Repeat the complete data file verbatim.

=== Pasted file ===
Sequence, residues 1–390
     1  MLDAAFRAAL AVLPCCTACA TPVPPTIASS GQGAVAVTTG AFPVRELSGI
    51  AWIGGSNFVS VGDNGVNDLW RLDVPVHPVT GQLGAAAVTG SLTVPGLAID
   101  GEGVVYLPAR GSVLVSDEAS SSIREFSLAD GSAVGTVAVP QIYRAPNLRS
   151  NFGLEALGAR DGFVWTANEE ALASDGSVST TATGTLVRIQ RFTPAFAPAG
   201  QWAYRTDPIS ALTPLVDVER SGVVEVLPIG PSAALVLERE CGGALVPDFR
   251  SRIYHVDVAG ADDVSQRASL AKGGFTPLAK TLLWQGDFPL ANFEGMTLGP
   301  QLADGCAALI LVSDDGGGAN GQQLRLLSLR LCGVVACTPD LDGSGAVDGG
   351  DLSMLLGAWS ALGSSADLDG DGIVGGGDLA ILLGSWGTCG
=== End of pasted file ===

Sequence, residues 1–390
     1  MLDAAFRAAL AVLPCCTACA TPVPPTIASS GQGAVAVTTG AFPVRELSGI
    51  AWIGGSNFVS VGDNGVNDLW RLDVPVHPVT GQLGAAAVTG SLTVPGLAID
   101  GEGVVYLPAR GSVLVSDEAS SSIREFSLAD GSAVGTVAVP QIYRAPNLRS
   151  NFGLEALGAR DGFVWTANEE ALASDGSVST TATGTLVRIQ RFTPAFAPAG
   201  QWAYRTDPIS ALTPLVDVER SGVVEVLPIG PSAALVLERE CGGALVPDFR
   251  SRIYHVDVAG ADDVSQRASL AKGGFTPLAK TLLWQGDFPL ANFEGMTLGP
   301  QLADGCAALI LVSDDGGGAN GQQLRLLSLR LCGVVACTPD LDGSGAVDGG
   351  DLSMLLGAWS ALGSSADLDG DGIVGGGDLA ILLGSWGTCG